A man using a typewriter at the American Writers Museum

AWM Story of the Week

Every week, the AWM is excited to bring you stories written by our visitors in our Story of the Day exhibit. Check back weekly for new stories, and visit the Museum to try out our typewriters and possibly be featured here!

It’s time to head back to school, which can be bittersweet for parents:

They were so different, the two girlsof my heart. The first was so eager to leave me, to forge her own path. And she knew exactly where she wanted to go too. It was easy to guide her. All I had to do was let go and watch. Once I was silent long enough, she would surprise me by asking to hear my thoughts. We have so little in common sometimes, but she is happy and moving forward with gusto. The second is the child of my soul. I could almost swear that I can feel the ghost of her umbilical cord. As we reach the shore of her journey away, she is in no particular rush. She has a very specific idea of her ultimate destination, but no great aggression about charting her own path there. And openness to the possibility that perhaps she is mistaken even as I suspect that she is not. I feel the need to push her toward the edge of the nest, to at least peer over the edge, even as I dread the thought of her leaving it. And I savour these last days, weeks, years, that I still get to take her presence for granted.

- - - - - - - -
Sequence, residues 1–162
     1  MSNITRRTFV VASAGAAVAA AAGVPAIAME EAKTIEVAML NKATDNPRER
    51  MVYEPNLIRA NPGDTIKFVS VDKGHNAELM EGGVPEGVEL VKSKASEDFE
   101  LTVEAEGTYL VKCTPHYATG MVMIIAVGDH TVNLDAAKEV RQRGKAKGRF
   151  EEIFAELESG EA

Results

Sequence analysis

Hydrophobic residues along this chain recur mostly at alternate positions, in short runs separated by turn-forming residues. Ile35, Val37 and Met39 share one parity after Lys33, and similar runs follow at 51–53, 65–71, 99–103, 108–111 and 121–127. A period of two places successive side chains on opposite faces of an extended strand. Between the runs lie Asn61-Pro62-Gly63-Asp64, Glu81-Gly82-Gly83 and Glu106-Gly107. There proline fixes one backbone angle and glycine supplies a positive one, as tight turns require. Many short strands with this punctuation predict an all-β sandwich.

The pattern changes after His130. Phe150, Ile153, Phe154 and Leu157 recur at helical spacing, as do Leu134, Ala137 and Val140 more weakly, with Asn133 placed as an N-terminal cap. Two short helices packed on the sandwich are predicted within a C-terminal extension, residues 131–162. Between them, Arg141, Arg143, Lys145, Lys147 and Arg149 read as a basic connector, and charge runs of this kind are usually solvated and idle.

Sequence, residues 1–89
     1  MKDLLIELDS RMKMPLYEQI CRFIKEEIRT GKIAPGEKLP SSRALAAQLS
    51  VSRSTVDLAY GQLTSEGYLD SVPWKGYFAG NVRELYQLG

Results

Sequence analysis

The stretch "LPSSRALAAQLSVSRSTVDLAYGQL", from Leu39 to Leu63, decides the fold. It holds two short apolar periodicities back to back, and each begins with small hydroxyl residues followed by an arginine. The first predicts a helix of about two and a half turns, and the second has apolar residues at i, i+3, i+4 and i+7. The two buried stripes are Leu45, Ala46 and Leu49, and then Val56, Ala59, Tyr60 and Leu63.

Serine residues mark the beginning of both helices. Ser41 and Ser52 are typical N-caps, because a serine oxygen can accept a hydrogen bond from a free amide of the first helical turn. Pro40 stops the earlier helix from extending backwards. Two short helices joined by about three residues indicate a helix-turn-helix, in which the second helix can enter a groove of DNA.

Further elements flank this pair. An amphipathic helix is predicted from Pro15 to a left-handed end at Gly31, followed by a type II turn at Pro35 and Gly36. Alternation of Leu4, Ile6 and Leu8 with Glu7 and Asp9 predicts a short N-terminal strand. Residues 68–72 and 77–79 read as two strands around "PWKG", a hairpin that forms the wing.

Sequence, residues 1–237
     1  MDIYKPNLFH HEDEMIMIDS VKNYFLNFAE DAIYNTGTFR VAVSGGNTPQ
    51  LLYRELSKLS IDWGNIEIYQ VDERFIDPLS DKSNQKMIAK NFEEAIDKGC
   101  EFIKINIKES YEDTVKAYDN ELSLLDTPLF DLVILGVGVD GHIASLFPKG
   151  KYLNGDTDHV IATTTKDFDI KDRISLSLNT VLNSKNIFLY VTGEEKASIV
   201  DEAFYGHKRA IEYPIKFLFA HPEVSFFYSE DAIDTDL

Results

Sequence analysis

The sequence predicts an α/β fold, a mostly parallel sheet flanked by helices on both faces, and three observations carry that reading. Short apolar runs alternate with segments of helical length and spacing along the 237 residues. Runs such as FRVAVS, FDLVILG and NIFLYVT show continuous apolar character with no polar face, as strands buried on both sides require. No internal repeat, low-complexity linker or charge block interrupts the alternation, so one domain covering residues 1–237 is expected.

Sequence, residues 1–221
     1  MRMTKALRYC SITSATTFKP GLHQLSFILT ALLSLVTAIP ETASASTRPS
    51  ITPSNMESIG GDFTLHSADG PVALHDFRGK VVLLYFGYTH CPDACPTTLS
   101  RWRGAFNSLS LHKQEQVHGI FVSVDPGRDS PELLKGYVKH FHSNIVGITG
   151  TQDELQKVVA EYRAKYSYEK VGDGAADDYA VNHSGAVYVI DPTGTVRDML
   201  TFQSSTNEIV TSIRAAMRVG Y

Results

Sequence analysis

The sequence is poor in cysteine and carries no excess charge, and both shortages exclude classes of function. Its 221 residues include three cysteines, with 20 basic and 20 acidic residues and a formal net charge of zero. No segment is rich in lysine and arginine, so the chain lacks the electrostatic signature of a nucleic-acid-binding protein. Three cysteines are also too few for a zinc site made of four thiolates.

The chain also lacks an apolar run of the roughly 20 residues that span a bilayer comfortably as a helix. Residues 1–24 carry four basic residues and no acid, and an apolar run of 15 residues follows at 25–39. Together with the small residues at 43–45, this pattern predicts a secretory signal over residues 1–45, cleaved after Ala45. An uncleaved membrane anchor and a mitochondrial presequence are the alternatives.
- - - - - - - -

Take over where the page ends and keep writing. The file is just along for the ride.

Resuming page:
I shudder at the prospect of setting them free and finding that I have given them wings so strong that they never land again.

Writing and words are what we love, of course, but it’s also a hard job!

Writers are strange creatures. They work long, long hours, sometimes for no pay or even any promise of pay. They seem to hold the world of thoughts in their heads, sometimes sharing them with others, sometimes finding those thoughts crystallize only when they are written, thoughts which vaporize from their brains when they leave the paper.

Words are so powerful! They shape and mold us more than we realize they do.

I wanted to write

a haiku that is profound

but I’m out of words.

the signature of the person who wrote the haiku

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